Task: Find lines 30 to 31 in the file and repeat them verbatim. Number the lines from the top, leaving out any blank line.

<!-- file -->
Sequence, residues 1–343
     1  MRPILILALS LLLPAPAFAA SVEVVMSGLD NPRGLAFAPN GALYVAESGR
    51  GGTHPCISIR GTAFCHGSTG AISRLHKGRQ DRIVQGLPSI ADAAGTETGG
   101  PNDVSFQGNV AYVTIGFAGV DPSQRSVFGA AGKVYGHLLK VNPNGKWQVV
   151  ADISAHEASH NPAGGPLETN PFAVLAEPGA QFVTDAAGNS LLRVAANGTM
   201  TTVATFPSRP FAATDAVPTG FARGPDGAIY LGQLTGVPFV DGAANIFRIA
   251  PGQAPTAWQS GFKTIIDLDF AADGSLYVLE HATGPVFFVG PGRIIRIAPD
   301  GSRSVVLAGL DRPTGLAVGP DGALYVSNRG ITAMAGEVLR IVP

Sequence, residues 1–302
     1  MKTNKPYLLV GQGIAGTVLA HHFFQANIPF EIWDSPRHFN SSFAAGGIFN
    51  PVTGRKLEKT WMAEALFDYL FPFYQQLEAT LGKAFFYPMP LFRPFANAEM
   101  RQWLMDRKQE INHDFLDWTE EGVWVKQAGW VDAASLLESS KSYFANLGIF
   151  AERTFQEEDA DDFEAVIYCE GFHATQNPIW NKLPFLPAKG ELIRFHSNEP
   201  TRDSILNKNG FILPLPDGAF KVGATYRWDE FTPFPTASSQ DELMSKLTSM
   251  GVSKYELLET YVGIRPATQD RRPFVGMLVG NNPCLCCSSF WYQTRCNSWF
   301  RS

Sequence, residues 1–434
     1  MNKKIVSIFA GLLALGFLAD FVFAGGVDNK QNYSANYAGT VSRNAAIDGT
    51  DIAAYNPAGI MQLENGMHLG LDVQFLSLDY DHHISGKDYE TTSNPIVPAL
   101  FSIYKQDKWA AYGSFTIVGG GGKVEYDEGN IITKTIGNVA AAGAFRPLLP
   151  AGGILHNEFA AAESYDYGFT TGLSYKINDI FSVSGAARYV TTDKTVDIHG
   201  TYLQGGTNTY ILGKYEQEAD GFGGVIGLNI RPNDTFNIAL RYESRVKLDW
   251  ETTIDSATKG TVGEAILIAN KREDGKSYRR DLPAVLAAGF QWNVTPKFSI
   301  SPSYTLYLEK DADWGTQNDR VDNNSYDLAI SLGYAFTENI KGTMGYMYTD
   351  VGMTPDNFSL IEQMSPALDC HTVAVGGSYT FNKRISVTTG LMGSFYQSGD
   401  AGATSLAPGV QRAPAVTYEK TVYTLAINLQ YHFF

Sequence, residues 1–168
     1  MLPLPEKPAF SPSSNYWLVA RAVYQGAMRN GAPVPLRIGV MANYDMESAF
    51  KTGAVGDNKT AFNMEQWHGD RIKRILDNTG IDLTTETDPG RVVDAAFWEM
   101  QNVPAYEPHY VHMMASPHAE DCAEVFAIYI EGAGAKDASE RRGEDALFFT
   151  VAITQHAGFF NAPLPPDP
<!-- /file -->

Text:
   101  QNVPAYEPHY VHMMASPHAE DCAEVFAIYI EGAGAKDASE RRGEDALFFT
   151  VAITQHAGFF NAPLPPDP